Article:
Moviegoers of the Valley, grab your car keys and sign off Netflix. Drive-in theaters have sprung up all over town, and they’re showing films every night, filling the void left by the closure of indoor theaters because of COVID-19. Each offers a big-screen movie-watching experience from the safety of your car. Some even have popcorn. They’re located at a variety of outdoor locations, and the Valley’s only permanent drive-in, West Wind Glendale 9, is also still operating. They’re showing movies for every taste, from family-oriented titles and comedies to horror and action flicks. Since new releases have dried up during the pandemic, the selections are mainly films that have been out for months or are already available on streaming services.
But every drive-in has social distancing restrictions, such as contactless transactions and having moviegoers stay inside their vehicle except when using restrooms. (Some are cool if you want to kick back in the bed of pickup trucks or cargo areas of vans and SUVs, though.) Bob Bentley, co-owner of Digital Drive-In AZ in Mesa, which made its debut in early April, says such rules are necessary during the pandemic. “Everyone’s being super-cautious about their health right now,” Bentley says. “So we have safeguards in place, and it’s safer than going to the grocery store where you won’t have to interact with anybody outside your car. We want people to have a fun night at the movies, which is what people need right now.” And it’s been nothing but good times so far, Bentley says, including people getting their first taste of drive-in movies.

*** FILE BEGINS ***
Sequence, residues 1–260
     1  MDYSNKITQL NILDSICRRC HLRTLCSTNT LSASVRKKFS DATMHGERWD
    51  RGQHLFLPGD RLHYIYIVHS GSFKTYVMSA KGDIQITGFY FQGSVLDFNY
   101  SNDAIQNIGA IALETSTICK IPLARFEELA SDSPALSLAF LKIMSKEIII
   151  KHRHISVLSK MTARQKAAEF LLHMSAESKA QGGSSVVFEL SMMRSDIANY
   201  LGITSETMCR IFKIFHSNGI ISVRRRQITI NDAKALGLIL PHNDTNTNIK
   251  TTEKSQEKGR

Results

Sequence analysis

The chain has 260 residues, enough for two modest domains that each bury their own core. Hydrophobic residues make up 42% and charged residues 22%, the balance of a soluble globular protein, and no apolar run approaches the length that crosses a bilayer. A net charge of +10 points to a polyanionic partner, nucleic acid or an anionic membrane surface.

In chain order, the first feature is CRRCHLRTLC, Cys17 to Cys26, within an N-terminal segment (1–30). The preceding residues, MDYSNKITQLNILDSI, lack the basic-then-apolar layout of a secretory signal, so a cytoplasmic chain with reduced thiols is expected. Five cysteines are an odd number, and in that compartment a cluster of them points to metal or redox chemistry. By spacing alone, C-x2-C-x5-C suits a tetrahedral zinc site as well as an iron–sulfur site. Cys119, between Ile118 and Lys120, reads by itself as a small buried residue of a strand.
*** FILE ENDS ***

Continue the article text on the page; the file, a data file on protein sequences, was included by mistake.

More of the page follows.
“Drive-ins are pretty scarce these days,” he says. “It’s pretty awesome that when you think about how these people have never been to one before. Now they’re coming here and seeing it for the first time, and they’re kind of blown away. Everyone goes, ‘This is so cool.’”
If you’d like to experience it for yourself, we’ve put together a rundown of what to expect at each of the Valley’s current crop of drive-in theaters. We’ve also updated this story to reflect which ones will be operating after Arizona Governor Doug Ducey’s executive order on June 29 in response to the recent spike statewide in COVID-19 cases.
West Wind Glendale 9
5650 North 55th Avenue, Glendale, 623-939-9715
The West Wind Glendale 9 has been around since 1979 and is Arizona’s only old-school drive-in still operating. It’s been doing big business since mid-March, showing an eclectic mix of movies ranging from horror classics (Scream, The Ring) to more recent films like Sonic the Hedgehog and Onward.
Every screening is a double feature, and there have been some fitting pairings, like the Keanu-centric combo of The Matrix and John Wick: Chapter 3 – Parabellum.